Jordan Hicks

Giants' lack of pitching making workload ‘uncomfortable'

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ST. LOUIS -- Jordan Hicks broke into the big leagues with the St. Louis Cardinals in 2018 and pitched at Busch Stadium for five seasons. He got used to a familiar rhythm in the middle of the summer, when temperatures regularly approach 100 degrees and the humidity makes the sledding even more difficult for players.

Hicks would sit in the bullpen and dugout and watch as opposing starters labored through long innings. When their pitch count got into the high twenties in an inning, he would see the legs get heavy. That's when the Cardinals lineup tended to pounce.

On Saturday, Hicks experienced the other side of that.

After 99 appearances at Busch Stadium as a Cardinal, he made his first as a visitor and allowed a season-high five earned runs in a 9-4 loss that dropped the Giants to five games under .500. Hicks needed 29 pitches to get through the third, and even though he left the bases loaded, his legs never recovered. The Cardinals took the lead on Alec Burleson's three-run blast in the fourth and never looked back.

 "My legs were pretty dead after the third, to be honest," Hicks said.

It was one of his rougher days as a Giant, but for Hicks, there was still a significant silver lining. He reached the 80-inning mark for the first time in his career, passing his previous career-high of 77 2/3 innings, set back in 2018. It's an accomplishment Hicks is proud of, in large part because he has always wanted a chance to start every five days in the big leagues. 

Hicks joined National League innings leader Logan Webb as Giants who have already thrown at least 80 innings. The problem for the coaching staff right now is that it'll be a while before anyone else enters the club. 

Kyle Harrison is eight outs away but sidelined by a sprained ankle. Keaton Winn is the only other Giant even at the 40-inning mark, but he's headed for another MRI on his right elbow. After those four, the next seven pitchers on the team's innings leaderboard are relievers. 

It's a problem that the Giants don't currently have a solution for, and it is costing them games. Hicks departed with a one-run deficit, but because his bullpen is so exhausted, manager Bob Melvin ran Sean Hjelle out for a second inning. On his 27th pitch in 94-degree weather, Hjelle gave up a two-run homer. 

Hjelle has been excellent in short bursts this year and is pitching like someone who can get big outs late in games. But far too often, Melvin has needed him to help keep games close after a starter comes out in the fourth or fifth. 

"It's been a lot," Melvin said of the bullpen's workload. "We have some guys with extreme workloads at this point. (Ryan) Walker, (Erik) Miller and Tyler (Rogers') workloads are extreme. We've got to find a way, even in games that we're ahead, to take a little bit off their plate. Hjelle is a guy that can do it, but unfortunately, he had to pitch two innings, as well. 

"Randy (Rodriguez) is maybe a guy that can, too, but we've got to take a hard look at that right now because you're looking at (pitching) in half the games, more I think a little bit for a couple of these guys, and it's a lot. It's three of them that are in the top 10 (in appearances) that makes things feel uncomfortable."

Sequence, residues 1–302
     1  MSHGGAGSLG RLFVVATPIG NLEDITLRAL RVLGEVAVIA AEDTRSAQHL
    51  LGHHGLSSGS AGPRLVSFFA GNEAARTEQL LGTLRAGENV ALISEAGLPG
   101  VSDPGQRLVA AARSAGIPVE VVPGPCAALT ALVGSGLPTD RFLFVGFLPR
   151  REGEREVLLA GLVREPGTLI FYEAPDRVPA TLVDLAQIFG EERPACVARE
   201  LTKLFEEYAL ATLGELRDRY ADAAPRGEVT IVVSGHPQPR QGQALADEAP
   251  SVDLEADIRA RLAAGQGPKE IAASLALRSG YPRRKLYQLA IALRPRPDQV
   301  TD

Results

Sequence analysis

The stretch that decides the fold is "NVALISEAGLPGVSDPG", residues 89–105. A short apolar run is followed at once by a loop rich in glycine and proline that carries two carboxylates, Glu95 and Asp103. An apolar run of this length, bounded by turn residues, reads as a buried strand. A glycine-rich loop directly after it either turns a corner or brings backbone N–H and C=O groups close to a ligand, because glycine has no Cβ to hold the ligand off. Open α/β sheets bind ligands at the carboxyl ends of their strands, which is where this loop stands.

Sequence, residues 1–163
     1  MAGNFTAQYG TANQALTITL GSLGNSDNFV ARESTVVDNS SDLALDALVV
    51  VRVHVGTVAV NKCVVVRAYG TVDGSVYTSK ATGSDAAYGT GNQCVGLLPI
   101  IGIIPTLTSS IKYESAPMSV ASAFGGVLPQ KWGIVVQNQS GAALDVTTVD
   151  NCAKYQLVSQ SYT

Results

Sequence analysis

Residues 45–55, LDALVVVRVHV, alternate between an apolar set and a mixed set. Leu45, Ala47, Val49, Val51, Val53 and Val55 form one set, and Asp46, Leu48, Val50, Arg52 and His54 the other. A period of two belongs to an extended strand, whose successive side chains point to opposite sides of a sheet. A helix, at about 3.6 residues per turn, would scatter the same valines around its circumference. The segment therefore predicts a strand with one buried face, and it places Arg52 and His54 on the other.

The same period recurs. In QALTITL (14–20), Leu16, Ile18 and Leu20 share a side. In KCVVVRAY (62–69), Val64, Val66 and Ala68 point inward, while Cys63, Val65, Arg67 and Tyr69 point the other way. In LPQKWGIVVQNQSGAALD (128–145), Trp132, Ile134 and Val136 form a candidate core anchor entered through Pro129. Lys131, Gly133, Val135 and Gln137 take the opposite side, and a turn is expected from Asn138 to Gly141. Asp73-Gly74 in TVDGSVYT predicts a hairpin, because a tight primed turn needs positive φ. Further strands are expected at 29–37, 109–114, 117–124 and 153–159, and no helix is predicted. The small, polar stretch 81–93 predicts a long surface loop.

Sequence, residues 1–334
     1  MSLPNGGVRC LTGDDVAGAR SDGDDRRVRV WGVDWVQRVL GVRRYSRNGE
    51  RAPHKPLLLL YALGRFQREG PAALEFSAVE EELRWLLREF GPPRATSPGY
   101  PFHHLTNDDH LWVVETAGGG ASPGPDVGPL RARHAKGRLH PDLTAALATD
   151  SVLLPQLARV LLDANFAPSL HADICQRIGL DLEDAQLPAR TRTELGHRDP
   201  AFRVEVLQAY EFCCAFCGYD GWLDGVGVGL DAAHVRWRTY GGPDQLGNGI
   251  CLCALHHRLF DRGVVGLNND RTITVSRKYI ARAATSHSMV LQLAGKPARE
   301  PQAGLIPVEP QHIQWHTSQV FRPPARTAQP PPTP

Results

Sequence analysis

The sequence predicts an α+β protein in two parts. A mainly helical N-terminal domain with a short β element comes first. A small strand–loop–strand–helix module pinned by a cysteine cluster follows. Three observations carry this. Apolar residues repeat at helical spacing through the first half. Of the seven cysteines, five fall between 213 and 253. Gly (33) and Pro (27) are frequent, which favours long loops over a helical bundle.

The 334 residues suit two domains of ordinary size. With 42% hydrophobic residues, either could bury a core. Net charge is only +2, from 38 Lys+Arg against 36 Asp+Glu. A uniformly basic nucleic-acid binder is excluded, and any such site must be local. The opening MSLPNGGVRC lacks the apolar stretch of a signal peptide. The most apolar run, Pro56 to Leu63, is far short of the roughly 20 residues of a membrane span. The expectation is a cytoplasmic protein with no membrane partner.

Walker leads the majors with 39 appearances and Rogers is right behind him at 38. Miller is tied for ninth at 36. The Giants have three of the top seven in the National League in terms of appearances, a worrisome thought given how tight the NL Wild Card race is and how much they may need those guys in September, too. 

There is a light at the end of the tunnel, but the Giants won't reach it until July at the earliest. That's when they expect to get Harrison, Ray and possibly Cobb back, but at some point in the second half, Harrison and Hicks will also run up against innings limits. Multiple relievers are going to blow past their previous highs, too.

In the meantime, there are games to win, and the Giants at least have Webb waiting. He'll cross the 100-inning mark on the final day of the trip and Hicks hopes to get there soon, too. He said his body feels good in general, and he has zero issues with his arm. 

"I feel good but this is a hard one to ask me because it was the hottest game of the year by 10 degrees," he said. "Ask me after the next one. I think I feel good. My legs were just kind of cashed early today."

The Cardinals took advantage, but Hicks' next start will come back in the comfortably cool weather of Oracle Park. After that, it's a trip to Atlanta and Cleveland, putting more stress on a pitching staff that is 26th in the big leagues in ERA.

It's a problem that is threatening to derail the season, and Melvin's frustration Saturday showed it's one that is keeping him up at night. The Giants will fly home Sunday for seven straight at home, and they currently have just two starting pitchers in their five-man rotation. 

There are no easy answers, although Hicks at least offered a way for a happier flight home. 

"Let's win tomorrow, get out of here, and move on to San Francisco," he said. 

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